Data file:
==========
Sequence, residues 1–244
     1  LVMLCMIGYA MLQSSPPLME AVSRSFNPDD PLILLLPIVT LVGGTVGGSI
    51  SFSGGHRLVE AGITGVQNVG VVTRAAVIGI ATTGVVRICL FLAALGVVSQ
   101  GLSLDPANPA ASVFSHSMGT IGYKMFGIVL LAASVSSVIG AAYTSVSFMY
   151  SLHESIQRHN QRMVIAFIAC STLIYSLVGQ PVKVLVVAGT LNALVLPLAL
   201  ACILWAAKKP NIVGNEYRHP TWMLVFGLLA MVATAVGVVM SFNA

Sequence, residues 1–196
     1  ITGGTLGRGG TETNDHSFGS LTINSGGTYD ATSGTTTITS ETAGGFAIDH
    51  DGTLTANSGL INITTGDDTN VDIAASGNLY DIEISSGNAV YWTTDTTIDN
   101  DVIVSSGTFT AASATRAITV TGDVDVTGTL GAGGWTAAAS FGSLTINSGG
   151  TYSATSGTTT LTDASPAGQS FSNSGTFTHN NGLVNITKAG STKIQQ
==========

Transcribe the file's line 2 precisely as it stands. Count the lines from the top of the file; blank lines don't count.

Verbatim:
     1  LVMLCMIGYA MLQSSPPLME AVSRSFNPDD PLILLLPIVT LVGGTVGGSI